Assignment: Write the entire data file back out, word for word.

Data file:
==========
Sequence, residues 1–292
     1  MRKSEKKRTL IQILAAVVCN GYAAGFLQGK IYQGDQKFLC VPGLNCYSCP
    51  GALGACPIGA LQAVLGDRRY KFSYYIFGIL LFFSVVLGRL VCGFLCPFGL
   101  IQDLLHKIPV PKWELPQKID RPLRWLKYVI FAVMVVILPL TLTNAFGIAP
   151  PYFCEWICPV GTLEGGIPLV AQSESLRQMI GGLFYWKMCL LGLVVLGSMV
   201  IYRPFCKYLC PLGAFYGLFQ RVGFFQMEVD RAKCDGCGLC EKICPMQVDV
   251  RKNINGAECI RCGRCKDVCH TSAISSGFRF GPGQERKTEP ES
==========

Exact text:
Sequence, residues 1–292
     1  MRKSEKKRTL IQILAAVVCN GYAAGFLQGK IYQGDQKFLC VPGLNCYSCP
    51  GALGACPIGA LQAVLGDRRY KFSYYIFGIL LFFSVVLGRL VCGFLCPFGL
   101  IQDLLHKIPV PKWELPQKID RPLRWLKYVI FAVMVVILPL TLTNAFGIAP
   151  PYFCEWICPV GTLEGGIPLV AQSESLRQMI GGLFYWKMCL LGLVVLGSMV
   201  IYRPFCKYLC PLGAFYGLFQ RVGFFQMEVD RAKCDGCGLC EKICPMQVDV
   251  RKNINGAECI RCGRCKDVCH TSAISSGFRF GPGQERKTEP ES